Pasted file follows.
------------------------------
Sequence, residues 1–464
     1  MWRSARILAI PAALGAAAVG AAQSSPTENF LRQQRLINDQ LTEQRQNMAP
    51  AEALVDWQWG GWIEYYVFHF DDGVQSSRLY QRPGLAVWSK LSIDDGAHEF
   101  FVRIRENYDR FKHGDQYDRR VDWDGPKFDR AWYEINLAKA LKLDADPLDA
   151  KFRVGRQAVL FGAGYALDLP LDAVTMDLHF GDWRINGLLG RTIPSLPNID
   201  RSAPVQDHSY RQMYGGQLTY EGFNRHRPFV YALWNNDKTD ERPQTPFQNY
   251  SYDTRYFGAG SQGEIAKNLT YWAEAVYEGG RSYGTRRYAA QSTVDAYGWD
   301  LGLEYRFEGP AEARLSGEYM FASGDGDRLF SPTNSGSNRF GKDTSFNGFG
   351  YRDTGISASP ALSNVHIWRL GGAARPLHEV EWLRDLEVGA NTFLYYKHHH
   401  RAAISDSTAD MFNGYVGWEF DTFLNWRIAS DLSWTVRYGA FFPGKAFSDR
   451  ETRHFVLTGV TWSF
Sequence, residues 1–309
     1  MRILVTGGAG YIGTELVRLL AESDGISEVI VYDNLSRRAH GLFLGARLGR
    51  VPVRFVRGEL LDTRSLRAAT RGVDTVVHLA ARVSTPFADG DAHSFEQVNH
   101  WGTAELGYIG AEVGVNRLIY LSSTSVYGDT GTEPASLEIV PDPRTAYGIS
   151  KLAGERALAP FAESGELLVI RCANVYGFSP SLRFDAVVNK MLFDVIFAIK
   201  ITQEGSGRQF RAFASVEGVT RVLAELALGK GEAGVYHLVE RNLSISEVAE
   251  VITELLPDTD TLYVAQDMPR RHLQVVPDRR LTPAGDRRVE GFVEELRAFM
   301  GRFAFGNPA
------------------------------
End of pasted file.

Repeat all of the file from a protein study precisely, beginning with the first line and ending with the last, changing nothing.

Sequence, residues 1–464
     1  MWRSARILAI PAALGAAAVG AAQSSPTENF LRQQRLINDQ LTEQRQNMAP
    51  AEALVDWQWG GWIEYYVFHF DDGVQSSRLY QRPGLAVWSK LSIDDGAHEF
   101  FVRIRENYDR FKHGDQYDRR VDWDGPKFDR AWYEINLAKA LKLDADPLDA
   151  KFRVGRQAVL FGAGYALDLP LDAVTMDLHF GDWRINGLLG RTIPSLPNID
   201  RSAPVQDHSY RQMYGGQLTY EGFNRHRPFV YALWNNDKTD ERPQTPFQNY
   251  SYDTRYFGAG SQGEIAKNLT YWAEAVYEGG RSYGTRRYAA QSTVDAYGWD
   301  LGLEYRFEGP AEARLSGEYM FASGDGDRLF SPTNSGSNRF GKDTSFNGFG
   351  YRDTGISASP ALSNVHIWRL GGAARPLHEV EWLRDLEVGA NTFLYYKHHH
   401  RAAISDSTAD MFNGYVGWEF DTFLNWRIAS DLSWTVRYGA FFPGKAFSDR
   451  ETRHFVLTGV TWSF
Sequence, residues 1–309
     1  MRILVTGGAG YIGTELVRLL AESDGISEVI VYDNLSRRAH GLFLGARLGR
    51  VPVRFVRGEL LDTRSLRAAT RGVDTVVHLA ARVSTPFADG DAHSFEQVNH
   101  WGTAELGYIG AEVGVNRLIY LSSTSVYGDT GTEPASLEIV PDPRTAYGIS
   151  KLAGERALAP FAESGELLVI RCANVYGFSP SLRFDAVVNK MLFDVIFAIK
   201  ITQEGSGRQF RAFASVEGVT RVLAELALGK GEAGVYHLVE RNLSISEVAE
   251  VITELLPDTD TLYVAQDMPR RHLQVVPDRR LTPAGDRRVE GFVEELRAFM
   301  GRFAFGNPA